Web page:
The woman had a low, velvety voice that belied her fearsome exterior. Her accent was almost British but had more of a lyrical quality that Keira couldn’t quite place. She held Keira’s gaze steadily, then smiled. “I am Chinazor Onodugo, but you may call me Nazor.” The woman’s gaze never faltered from Keira’s, assessing . . . for what, Keira had absolutely no idea.
Elliott draped an arm casually over the woman’s shoulders, a feat made more difficult by the fact she was nearly as tall as he was. “Keira, meet Nazor, my grounder and Danny’s other mentor.”
Keira noted nervously that the woman stood a full head and shoulders above herself, a daunting figure decked in armor, her head haloed by a thickly braided bun that only added to her intimidating height. Keira shifted nervously from one foot to the other, regarding warily this woman she’d heard so many impressive stories about.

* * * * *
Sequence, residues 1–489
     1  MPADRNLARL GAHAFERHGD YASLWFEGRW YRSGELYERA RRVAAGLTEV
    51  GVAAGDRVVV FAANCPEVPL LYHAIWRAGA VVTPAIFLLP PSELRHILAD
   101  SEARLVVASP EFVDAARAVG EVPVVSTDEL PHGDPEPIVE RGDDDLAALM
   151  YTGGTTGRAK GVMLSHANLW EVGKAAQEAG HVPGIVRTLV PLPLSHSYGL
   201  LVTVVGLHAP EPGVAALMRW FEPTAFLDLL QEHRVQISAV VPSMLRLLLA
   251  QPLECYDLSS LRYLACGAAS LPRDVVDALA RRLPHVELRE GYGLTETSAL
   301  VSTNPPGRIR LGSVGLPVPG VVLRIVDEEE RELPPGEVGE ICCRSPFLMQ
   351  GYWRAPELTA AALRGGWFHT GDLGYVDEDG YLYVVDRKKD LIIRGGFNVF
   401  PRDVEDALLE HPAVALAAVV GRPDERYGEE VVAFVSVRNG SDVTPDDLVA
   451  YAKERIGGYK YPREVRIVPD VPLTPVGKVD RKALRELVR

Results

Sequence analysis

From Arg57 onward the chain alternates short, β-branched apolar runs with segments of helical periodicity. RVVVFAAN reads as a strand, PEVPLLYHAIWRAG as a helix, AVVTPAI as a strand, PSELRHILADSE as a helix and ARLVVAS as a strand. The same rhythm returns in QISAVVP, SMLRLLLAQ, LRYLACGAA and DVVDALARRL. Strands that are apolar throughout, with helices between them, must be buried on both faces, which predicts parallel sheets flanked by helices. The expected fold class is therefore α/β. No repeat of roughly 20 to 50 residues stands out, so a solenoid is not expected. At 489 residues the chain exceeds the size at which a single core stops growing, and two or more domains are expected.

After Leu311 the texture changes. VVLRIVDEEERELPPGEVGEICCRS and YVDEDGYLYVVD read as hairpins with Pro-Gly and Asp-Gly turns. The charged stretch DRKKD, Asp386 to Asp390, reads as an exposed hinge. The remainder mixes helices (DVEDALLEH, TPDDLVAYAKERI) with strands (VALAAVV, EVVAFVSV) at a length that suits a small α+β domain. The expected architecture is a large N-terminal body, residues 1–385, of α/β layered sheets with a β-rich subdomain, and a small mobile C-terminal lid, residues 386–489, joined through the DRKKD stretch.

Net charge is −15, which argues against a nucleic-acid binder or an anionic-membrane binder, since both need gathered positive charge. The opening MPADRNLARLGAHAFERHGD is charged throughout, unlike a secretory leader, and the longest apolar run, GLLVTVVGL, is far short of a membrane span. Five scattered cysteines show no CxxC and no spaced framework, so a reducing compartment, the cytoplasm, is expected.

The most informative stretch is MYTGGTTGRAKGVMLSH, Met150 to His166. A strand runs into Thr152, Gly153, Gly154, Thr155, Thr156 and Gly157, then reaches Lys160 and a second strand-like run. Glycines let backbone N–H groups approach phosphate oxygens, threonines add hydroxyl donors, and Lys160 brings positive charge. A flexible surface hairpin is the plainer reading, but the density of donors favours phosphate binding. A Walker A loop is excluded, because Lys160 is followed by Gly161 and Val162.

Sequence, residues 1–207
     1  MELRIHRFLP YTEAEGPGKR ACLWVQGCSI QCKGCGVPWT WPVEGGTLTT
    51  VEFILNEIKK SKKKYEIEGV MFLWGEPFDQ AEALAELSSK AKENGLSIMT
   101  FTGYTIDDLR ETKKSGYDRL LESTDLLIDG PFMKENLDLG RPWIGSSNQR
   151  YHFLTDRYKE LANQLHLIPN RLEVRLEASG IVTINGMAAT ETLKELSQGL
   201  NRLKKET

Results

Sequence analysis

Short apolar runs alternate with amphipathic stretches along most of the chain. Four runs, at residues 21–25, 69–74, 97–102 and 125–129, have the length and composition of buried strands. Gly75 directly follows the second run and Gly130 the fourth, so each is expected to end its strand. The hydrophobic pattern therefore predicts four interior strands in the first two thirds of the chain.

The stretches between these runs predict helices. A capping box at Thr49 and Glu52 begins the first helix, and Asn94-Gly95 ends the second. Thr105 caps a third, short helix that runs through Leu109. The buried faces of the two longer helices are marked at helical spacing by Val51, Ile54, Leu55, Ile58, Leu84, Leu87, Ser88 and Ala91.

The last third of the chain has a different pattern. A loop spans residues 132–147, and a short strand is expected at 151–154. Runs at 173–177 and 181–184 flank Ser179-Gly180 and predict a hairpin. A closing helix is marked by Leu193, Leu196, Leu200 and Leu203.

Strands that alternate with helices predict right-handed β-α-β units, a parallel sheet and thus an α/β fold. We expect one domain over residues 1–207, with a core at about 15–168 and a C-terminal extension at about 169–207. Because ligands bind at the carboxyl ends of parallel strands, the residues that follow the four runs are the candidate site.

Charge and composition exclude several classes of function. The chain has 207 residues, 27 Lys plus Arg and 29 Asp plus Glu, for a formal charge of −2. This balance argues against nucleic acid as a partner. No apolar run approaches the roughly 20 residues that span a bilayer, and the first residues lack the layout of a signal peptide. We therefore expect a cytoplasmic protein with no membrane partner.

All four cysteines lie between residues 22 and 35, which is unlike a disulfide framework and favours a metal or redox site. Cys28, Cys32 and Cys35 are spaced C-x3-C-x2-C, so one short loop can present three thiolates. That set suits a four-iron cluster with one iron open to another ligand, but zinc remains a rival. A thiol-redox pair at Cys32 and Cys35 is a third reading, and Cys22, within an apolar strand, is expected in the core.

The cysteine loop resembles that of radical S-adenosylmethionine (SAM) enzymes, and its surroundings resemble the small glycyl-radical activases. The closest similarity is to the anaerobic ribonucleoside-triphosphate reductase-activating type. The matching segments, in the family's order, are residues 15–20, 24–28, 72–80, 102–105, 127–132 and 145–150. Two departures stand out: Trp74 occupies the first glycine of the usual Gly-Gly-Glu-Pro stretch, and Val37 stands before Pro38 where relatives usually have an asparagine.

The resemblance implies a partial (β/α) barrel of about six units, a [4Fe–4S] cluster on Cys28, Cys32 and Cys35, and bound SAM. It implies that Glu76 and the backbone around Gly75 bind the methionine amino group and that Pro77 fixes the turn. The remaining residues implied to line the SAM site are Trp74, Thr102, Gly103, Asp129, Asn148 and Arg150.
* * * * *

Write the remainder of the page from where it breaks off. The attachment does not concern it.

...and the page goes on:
Danny suddenly appeared in the doorway and ran over to join them. Keira was momentarily freed from the woman’s steely gaze as she turned instead to address Danny. “And you, have you kept up with your drills, as I asked?”
Danny smiled sheepishly back at her. “Come on, Nazor, you have to admit it’s been a bit out of the ordinary here, what with getting Keira settled and showing her around.”
“Indeed?” Nazor cocked her head at him, a severe look in her eye. “And how will you explain your distraction to the bandits that catch you unawares next time you take the Eastern Road? Never mind then. I’ll just have to get you back in shape myself.”
Danny’s mouth twisted slightly at that, but Nazor continued, unheeding, “And with the three of us drilling, we can start learning larger group tactics.”